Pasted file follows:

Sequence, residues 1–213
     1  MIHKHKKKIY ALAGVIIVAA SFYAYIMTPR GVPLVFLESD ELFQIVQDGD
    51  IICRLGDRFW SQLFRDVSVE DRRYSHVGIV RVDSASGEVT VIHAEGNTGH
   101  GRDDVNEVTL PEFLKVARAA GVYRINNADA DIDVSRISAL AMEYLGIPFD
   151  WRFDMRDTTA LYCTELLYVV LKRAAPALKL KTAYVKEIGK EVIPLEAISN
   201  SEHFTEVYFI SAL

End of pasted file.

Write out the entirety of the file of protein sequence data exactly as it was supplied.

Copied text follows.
Sequence, residues 1–213
     1  MIHKHKKKIY ALAGVIIVAA SFYAYIMTPR GVPLVFLESD ELFQIVQDGD
    51  IICRLGDRFW SQLFRDVSVE DRRYSHVGIV RVDSASGEVT VIHAEGNTGH
   101  GRDDVNEVTL PEFLKVARAA GVYRINNADA DIDVSRISAL AMEYLGIPFD
   151  WRFDMRDTTA LYCTELLYVV LKRAAPALKL KTAYVKEIGK EVIPLEAISN
   201  SEHFTEVYFI SAL